Cassiah: I’m actually in development on a feature at the moment, and I feel much more at home with the feature format because I love to tell long-form narrative. I actually find short form more difficult to get a handle on, because you have only ten minutes or so to communicate some very complex and meaningful stories. So you have to be quite clever in order to pull it off!

Rebekah Hinds, Robert Boulton, and Alyssa Jardim in ‘Woman of the Night’.

Debbi: I love your use of subtext and the way you allow viewers to draw their own conclusions. Your short film, Woman of the Night, is a great example of a character study that drives a point home without hitting you over the head with it. Bearing in mind that there have been great character-driven feature films, do you think short films do the same with greater punch and economy?

Tomos Eames and Rebekah Hinds in ‘Woman of the Night’.

Cassiah: It depends. I feel like short films are sort of a window into the soul, but it’s only a quick look in. I think you can set up very complex and nuanced characters, but you’re always going to be left wanting more. I think that’s why my work can potentially be quite divisive, because I push beyond the short film limitations; you can tell these characters have a bigger story to tell, sometimes leaving the audience either a bit bored or a bit frustrated I expect!

Debbi: You’ve achieved a lot in your film career. What’s your advice for anyone who’d like to work in the film business?

Cassiah: If anyone wants to work in the film business, I would say to create as much as you can – make your own films, write scripts, direct what you can – as you’re working your way up in the industry. It’s rare that someone will give you an opportunity unless you have something to show for it. No one is looking for perfection, but they want drive and ambition. And also, contact people! Any filmmakers you know, or even don’t know, email them and ask them for advice. The worst thing anyone will say is no, and if they say yes, you might have just gotten your break into the industry.

Debbi: Is there anything else you’d like to add that I haven’t asked you about?

Cassiah: For Kindling we are hoping to shoot on film, which is very expensive! We’re raising funds to help make this become reality, so if you can please check out, share and support our campaign, that would be fantastic. If you love film, you can get involved, even get your name on the film as a co-producer! And the great thing about film is that it will live forever. Link: https://www.indiegogo.com/projects/kindling-short-film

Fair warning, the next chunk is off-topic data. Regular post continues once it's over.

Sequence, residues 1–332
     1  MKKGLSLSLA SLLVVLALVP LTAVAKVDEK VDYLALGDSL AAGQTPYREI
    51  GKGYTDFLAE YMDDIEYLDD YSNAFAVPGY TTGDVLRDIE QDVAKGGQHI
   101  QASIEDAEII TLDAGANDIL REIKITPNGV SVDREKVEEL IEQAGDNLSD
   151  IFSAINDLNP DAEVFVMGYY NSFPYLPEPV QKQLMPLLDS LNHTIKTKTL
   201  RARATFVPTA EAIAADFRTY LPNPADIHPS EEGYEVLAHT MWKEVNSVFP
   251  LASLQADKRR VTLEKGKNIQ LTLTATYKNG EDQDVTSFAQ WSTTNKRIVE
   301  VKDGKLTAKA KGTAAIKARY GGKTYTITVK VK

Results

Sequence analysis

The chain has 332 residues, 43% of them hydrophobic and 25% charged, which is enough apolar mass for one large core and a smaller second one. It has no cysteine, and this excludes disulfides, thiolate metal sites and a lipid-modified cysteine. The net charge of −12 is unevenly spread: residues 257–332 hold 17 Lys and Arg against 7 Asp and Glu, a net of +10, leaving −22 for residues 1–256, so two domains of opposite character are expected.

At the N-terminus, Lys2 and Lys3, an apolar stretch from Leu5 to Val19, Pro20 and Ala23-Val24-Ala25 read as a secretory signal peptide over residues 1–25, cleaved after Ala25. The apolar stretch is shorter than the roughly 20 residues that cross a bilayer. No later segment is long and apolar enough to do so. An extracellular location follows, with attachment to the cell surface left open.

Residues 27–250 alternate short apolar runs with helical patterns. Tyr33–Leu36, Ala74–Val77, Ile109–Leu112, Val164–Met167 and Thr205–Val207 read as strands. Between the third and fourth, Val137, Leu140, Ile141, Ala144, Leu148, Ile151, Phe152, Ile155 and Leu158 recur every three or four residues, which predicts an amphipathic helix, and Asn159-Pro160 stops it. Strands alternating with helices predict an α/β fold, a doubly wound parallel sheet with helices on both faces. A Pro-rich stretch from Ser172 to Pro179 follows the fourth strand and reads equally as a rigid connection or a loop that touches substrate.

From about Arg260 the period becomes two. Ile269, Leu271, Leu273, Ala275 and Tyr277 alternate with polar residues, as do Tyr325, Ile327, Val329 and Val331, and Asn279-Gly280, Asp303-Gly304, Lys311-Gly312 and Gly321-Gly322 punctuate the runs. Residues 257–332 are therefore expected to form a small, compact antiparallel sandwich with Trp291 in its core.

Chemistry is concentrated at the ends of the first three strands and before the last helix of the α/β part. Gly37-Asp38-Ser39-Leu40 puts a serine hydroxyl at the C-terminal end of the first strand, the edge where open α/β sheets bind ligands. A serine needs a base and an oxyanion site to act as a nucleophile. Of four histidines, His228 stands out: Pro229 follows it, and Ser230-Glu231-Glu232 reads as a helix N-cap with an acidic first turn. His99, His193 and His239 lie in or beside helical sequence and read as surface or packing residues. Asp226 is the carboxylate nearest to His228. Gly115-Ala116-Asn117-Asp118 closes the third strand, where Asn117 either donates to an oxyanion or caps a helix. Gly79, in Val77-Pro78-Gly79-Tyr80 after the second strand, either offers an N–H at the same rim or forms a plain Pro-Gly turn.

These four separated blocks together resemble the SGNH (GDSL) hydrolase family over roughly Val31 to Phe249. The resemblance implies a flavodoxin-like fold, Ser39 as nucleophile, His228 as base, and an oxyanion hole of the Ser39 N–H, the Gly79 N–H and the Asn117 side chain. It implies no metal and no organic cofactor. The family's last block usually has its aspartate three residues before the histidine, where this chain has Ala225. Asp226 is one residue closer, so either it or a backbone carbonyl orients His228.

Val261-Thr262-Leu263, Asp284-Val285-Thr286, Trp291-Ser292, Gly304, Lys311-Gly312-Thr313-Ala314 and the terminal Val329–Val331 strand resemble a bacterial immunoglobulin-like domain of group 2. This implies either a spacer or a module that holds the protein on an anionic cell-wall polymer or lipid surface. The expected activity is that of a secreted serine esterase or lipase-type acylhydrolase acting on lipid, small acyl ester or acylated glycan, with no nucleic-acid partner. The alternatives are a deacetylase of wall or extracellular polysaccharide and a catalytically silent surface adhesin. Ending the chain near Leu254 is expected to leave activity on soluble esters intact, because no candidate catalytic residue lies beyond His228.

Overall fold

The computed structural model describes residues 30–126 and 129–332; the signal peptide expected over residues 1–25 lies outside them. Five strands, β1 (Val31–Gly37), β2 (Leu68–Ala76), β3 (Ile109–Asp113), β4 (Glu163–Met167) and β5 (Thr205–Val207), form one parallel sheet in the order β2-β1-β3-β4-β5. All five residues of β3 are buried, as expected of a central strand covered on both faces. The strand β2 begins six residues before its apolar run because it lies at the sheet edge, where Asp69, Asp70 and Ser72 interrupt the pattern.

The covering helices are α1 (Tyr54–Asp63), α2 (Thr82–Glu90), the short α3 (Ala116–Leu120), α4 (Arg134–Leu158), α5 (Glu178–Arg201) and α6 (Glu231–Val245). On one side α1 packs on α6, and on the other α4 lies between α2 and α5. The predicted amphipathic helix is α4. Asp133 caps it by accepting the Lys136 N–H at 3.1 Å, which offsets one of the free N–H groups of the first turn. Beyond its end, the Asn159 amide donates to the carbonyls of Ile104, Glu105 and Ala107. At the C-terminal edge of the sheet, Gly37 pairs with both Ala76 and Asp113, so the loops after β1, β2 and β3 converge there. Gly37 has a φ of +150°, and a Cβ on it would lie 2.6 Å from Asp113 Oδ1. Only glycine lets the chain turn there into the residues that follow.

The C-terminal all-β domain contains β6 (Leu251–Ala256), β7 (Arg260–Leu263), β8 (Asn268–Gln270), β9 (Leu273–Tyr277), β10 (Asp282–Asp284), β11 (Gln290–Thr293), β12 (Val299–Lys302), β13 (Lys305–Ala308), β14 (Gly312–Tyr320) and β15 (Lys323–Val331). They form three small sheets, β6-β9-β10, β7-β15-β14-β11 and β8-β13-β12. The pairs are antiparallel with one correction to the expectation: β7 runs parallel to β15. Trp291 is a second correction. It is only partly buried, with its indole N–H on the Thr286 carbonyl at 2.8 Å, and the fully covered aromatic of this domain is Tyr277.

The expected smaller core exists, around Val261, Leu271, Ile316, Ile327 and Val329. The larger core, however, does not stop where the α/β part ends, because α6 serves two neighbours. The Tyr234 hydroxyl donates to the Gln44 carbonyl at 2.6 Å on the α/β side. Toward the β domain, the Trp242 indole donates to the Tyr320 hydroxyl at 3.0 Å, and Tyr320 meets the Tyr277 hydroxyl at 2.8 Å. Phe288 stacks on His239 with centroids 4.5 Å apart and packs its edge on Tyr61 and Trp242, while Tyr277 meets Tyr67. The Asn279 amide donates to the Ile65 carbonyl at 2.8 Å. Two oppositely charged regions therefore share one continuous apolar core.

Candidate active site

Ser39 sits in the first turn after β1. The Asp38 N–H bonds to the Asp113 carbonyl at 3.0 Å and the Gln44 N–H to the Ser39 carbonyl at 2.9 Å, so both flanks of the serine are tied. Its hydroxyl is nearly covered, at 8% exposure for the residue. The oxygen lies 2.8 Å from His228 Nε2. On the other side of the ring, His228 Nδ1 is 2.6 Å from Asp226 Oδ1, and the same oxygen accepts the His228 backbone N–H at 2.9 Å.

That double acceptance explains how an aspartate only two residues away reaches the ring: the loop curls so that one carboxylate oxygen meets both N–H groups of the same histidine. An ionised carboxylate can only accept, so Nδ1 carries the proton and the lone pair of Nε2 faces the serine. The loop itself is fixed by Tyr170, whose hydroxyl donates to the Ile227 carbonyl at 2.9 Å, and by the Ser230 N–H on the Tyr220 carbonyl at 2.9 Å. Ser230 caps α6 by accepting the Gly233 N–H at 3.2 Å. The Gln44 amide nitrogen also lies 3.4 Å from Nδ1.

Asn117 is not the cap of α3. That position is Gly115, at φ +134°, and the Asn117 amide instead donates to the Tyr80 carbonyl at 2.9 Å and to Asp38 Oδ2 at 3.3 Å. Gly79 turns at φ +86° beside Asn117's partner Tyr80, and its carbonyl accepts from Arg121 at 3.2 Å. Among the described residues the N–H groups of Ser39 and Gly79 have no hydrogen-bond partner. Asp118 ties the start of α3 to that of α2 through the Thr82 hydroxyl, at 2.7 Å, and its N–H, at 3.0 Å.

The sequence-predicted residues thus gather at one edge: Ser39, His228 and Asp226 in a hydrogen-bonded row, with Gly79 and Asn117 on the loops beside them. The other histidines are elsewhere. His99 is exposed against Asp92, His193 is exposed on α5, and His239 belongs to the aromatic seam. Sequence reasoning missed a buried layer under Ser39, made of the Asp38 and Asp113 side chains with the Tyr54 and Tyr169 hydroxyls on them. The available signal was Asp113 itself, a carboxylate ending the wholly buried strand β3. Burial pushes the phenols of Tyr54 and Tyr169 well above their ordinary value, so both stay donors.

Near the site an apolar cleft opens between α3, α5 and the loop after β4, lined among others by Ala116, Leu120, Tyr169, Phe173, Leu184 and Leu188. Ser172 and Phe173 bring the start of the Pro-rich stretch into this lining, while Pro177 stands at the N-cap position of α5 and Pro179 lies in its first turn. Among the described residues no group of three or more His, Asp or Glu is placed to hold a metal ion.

*****

Cassiah Joski-Jethi

After graduating from the University of Birmingham with a 1st Class Honours degree, Cassiah began her career working for Gurinder Chadha OBE after a chance meeting on a train.

In 2016, Cassiah’s award nominated play Under My Thumb debuted at Greenwich Theatre and later toured across the UK in 2017 to critical acclaim. It was a finalist in the Red Women Theatre Awards in 2016 and was nominated for its second award Best New Play at the New South Writing 2017 awards.

Cassiah signed with a writing agent in January 2017, and worked on two feature screenplay commissions, ‘The Winchester Geese’ (Altter Films), and ‘The Canary Girls’ (Mark Andrew Powell). In addition, her short screenplay ‘Evers’ was a semi-finalist for the Shorts On Tap Horizon Award and was optioned by East Head Films. Also in 2017, Cassiah completed her directorial debut award winning short film Polly which has screened across the UK and internationally.

This year, Cassiah was a finalist for the West Field Screenwriting Awards 2018, and made the longlist (top 3.5%) for the BBC Script Room Drama 2018. She also recently completed the feature screenplay commission, ‘Maiasaura’ (Unfolding Entertainment), and also had her short play How To Invest In Poverty staged at Greenwich Theatre. Her second short film Woman of the Night  was recently completed and is currently being submitted to festivals. Also, Cassiah’s original action/adventure series is currently in development with Gurinder’s company Bend It TV and Fremantle Media. Cassiah is also a member of the BFI Network X BAFTA Crew 2018.

As well as directing narrative film, Cassiah regularly directs BBC2’s The Naked Choir winners, The Sons of Pitches music and digital media videos, including their award nominated video for their Wuthering Heights Kate Bush cover (CARA Awards 2017). In addition, Cassiah is an Associate Producer on the feature film in development Cavegirl! The Movie. 

*****

Thank you so much, Cassiah! I don’t know about you, but I’m feeling inspired! 🙂

I urge you to click here and support Kindling on Indiegogo! #SupportIndieFilm